Not least because of the initial intermediation of Pakistani scientist A.Q. Khan’s proliferation network, the potential for Iranian-North Korean cooperation has long been attractive. But within the U.S. diplomatic, defense and intelligence communities, broad understanding of such dynamics is often hampered by powerful bureaucratic “stovepipes.” In the bureaucratic tribal mindset, Pyongyang is an Asia problem and Tehran is a Middle East problem.

Fred Siegel: Fracking, Poverty and the New Liberal Gentry

The energy bonanza has bypassed New York, where socialites and celebrities have come out in force to stop it.


The transformation of American liberalism over the past half-century is nowhere more apparent than in the disputes now roiling a relatively obscure section of upstate New York. In 1965, as part of his “war on poverty,” President Lyndon Johnson created the Appalachian Regional Commission. Among the areas to be served by the commission were the Southern Tier counties of New York state, including Broome, Tioga and Chemung. The commission’s central aim was to “Increase job opportunities and per capita income in Appalachia to reach parity with the nation.”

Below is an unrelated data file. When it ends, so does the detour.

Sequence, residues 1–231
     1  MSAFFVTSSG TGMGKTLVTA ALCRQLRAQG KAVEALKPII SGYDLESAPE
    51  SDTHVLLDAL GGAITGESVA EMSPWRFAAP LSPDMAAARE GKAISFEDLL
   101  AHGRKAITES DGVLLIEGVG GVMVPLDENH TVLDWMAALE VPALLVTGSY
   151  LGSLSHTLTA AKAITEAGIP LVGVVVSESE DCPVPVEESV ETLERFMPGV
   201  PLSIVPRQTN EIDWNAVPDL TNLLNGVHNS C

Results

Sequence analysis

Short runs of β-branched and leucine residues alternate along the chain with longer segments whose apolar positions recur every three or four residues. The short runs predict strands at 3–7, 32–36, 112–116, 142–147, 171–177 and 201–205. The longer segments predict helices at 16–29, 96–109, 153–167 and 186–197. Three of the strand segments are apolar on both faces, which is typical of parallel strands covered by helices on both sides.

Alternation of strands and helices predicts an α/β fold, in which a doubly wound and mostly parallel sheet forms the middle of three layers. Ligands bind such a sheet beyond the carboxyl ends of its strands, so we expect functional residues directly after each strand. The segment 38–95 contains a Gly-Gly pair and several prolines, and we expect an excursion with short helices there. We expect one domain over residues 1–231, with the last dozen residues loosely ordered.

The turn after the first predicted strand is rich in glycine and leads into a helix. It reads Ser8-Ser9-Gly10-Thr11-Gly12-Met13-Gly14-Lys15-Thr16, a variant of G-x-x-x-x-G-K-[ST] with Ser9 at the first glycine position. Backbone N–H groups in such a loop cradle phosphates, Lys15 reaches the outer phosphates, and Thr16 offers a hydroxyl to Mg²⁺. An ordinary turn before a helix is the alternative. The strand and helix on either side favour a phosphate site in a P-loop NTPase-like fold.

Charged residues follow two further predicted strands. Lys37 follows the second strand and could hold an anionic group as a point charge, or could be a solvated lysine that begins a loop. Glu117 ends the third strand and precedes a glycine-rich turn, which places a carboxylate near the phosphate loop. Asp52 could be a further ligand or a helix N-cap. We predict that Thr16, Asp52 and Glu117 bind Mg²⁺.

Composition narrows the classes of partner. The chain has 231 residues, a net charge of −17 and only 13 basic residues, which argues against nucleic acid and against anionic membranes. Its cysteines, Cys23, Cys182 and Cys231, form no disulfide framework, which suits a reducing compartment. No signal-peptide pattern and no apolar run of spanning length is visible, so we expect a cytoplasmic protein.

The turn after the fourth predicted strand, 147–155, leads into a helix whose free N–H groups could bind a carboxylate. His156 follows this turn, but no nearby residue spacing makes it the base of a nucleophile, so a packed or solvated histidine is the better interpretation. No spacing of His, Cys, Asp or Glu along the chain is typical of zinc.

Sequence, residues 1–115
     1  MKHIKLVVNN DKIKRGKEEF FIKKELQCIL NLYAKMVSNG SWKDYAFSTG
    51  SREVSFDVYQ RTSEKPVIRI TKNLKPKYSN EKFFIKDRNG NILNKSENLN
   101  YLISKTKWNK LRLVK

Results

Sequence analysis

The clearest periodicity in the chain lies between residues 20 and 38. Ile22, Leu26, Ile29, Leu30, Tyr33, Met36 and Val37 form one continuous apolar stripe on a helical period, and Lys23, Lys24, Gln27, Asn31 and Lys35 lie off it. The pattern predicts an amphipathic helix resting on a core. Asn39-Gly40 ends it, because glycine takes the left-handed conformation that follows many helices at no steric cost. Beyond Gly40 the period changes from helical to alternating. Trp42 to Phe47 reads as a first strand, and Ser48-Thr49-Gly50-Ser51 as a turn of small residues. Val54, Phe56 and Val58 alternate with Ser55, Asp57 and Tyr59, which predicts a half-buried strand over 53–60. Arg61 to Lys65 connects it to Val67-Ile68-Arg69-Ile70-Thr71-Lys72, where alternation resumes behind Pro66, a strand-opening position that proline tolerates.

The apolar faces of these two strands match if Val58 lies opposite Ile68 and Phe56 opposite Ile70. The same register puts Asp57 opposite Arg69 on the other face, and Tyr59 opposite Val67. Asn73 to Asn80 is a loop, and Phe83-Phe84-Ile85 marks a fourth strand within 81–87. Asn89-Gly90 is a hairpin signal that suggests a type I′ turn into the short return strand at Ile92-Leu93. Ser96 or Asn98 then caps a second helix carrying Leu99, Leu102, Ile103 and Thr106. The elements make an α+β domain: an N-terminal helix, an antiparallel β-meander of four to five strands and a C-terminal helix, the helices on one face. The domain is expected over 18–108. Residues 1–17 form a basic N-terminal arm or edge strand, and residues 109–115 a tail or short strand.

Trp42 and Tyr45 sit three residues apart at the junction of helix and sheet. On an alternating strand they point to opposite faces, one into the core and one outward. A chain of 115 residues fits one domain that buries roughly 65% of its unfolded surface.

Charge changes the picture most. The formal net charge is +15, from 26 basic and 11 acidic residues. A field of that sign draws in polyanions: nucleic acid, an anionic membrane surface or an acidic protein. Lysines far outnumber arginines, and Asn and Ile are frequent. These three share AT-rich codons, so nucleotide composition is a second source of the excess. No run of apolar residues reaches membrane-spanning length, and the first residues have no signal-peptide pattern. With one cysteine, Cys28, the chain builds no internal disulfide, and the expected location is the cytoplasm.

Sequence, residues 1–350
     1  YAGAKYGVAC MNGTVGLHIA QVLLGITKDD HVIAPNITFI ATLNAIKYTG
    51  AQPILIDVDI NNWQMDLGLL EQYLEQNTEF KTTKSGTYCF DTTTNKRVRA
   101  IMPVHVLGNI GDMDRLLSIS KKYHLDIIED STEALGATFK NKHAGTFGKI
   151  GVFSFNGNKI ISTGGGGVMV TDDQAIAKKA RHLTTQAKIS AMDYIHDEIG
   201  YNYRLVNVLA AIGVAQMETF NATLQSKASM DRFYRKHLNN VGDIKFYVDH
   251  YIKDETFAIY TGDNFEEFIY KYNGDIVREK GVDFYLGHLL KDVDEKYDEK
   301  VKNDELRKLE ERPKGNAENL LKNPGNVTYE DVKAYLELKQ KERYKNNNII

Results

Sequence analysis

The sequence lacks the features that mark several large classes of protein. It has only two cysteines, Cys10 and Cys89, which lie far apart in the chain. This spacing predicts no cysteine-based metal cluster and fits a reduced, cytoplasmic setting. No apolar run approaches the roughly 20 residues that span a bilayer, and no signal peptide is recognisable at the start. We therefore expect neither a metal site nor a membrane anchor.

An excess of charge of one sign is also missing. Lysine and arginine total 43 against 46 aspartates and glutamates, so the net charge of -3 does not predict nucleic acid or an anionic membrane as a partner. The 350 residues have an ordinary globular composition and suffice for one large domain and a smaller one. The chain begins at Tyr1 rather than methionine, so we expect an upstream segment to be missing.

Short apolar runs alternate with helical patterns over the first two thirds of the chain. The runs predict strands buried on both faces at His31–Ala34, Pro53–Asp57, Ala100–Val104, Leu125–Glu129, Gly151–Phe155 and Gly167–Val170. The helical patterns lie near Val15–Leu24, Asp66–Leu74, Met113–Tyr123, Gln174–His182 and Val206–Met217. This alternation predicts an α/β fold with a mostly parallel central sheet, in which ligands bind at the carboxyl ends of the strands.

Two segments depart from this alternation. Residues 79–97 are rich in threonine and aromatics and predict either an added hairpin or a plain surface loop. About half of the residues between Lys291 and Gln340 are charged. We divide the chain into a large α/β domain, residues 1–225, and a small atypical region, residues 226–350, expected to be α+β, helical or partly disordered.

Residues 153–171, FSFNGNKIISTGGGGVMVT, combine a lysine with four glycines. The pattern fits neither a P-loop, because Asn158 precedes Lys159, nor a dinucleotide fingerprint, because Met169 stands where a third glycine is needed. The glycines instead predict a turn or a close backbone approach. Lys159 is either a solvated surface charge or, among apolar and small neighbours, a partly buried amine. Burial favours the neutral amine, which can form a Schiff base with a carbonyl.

Like so many Great Society antipoverty programs, the effort largely failed. The Southern Tier counties remain much as they appeared in the 1960s, pocked by deserted farms and abandoned businesses, largely untouched by the prosperity that blessed much of America over the past five decades.

Beginning about a dozen years ago, remarkable improvements in natural-gas drilling by means of hydraulic fracturing, or fracking, seemed to promise a way out of poverty. The massive Marcellus Shale Formation under New York and Pennsylvania has proved to be “the most lucrative natural gas play in the U.S.,” Business Week recently noted, because the shale produces high-quality gas and is easily shipped to New York and Philadelphia.



Eddie Rickenbacker went from race-car driver to ace pilot in World War I. When the bombs fell on Pearl Harbor, he signed up again.